“Exploitation” films feature forbidden sex, wanton violence, drug use, nudity, freaks, gore, monsters, destruction, rebellion and mayhem. Such films have existed since the earliest days of moviemaking, but they were popularized in the 1960s with the general relaxing of cinematic taboos in the US and Europe. Since the 1990s, this genre has also received attention from academic circles, where it is sometimes called paracinema.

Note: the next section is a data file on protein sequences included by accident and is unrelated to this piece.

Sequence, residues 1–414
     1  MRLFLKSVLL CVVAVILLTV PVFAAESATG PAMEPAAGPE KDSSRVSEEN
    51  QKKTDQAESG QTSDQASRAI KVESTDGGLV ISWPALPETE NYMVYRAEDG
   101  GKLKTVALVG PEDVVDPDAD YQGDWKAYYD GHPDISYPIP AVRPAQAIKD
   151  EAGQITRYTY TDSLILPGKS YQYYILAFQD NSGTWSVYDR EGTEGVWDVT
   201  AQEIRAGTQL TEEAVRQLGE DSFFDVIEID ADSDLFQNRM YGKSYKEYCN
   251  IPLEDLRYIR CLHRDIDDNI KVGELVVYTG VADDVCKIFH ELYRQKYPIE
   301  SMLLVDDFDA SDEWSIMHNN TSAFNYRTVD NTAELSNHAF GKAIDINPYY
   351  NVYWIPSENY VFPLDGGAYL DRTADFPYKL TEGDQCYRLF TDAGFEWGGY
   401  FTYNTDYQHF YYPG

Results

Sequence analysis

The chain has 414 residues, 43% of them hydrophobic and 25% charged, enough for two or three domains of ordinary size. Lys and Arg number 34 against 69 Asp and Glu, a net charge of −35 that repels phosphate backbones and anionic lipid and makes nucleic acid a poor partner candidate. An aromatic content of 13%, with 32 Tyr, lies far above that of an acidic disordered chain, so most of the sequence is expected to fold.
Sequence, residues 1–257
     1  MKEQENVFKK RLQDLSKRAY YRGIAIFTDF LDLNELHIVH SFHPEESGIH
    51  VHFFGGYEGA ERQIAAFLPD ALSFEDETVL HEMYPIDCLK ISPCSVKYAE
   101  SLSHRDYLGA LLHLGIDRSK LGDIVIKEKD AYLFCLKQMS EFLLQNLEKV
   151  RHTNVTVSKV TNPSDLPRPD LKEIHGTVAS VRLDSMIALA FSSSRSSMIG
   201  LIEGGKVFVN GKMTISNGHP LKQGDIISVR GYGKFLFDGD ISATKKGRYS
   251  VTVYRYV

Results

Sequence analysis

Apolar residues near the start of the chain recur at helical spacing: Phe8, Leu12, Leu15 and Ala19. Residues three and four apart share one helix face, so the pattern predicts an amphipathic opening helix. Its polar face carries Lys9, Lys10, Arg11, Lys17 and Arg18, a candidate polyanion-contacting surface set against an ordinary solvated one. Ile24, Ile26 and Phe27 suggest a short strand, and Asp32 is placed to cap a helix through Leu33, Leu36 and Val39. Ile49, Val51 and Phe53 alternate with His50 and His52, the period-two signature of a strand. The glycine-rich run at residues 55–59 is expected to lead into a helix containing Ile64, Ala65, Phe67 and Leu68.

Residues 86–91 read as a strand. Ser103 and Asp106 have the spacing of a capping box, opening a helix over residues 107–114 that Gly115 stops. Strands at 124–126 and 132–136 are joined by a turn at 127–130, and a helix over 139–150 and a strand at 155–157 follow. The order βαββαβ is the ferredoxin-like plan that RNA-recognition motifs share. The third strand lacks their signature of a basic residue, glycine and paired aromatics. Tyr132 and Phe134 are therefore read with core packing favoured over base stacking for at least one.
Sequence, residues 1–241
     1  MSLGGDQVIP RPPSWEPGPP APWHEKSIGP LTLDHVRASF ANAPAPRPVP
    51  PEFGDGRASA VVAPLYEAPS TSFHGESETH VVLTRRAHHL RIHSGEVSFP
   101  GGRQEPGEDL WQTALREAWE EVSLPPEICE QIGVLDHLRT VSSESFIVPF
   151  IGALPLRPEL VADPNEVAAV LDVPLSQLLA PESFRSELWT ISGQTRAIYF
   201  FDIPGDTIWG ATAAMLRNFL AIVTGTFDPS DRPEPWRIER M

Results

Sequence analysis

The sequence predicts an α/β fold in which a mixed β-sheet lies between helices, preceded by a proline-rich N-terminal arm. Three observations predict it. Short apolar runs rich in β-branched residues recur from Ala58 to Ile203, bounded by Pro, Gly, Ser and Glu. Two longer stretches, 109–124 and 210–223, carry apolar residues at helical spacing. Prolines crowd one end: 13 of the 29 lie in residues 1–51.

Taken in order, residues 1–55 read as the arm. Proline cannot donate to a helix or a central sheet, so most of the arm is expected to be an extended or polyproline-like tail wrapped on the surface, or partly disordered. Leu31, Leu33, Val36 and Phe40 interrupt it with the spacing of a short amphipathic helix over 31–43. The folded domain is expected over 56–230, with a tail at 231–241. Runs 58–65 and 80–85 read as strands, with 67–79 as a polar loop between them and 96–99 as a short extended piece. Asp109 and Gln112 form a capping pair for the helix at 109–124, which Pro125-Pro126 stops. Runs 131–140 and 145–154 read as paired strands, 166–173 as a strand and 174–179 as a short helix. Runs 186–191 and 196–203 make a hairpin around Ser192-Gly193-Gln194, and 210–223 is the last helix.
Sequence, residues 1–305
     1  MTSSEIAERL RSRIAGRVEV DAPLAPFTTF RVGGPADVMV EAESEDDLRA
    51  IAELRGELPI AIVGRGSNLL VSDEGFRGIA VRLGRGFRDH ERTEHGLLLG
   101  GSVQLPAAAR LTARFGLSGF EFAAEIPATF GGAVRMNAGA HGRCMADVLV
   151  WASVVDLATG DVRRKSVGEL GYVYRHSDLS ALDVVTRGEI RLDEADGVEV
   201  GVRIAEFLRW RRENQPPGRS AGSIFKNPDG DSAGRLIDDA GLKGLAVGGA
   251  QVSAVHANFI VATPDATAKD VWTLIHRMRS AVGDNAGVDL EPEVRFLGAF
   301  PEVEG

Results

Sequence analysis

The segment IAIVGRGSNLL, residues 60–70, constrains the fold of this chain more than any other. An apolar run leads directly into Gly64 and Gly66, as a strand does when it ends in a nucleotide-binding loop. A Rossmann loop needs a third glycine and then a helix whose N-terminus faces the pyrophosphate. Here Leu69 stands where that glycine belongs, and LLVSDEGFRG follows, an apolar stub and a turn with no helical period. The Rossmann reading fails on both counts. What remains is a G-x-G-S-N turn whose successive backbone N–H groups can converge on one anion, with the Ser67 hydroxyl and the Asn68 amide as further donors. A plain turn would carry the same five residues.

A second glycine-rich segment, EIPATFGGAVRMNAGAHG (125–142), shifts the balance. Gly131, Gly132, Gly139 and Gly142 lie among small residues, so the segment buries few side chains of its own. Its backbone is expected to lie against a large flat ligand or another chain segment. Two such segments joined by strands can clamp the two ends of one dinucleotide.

Some popular Grindhouse titles include Chain Gang Women (1974), Superchick (1973), Don’t Answer the Phone (1980), Women in Cages (1971) and Coffy (1973) among several others. Some of the most popular Grindhouse film stars are Pam Grier and Sid Haig. Companies would often use the same actors in different titles and then double-bill them.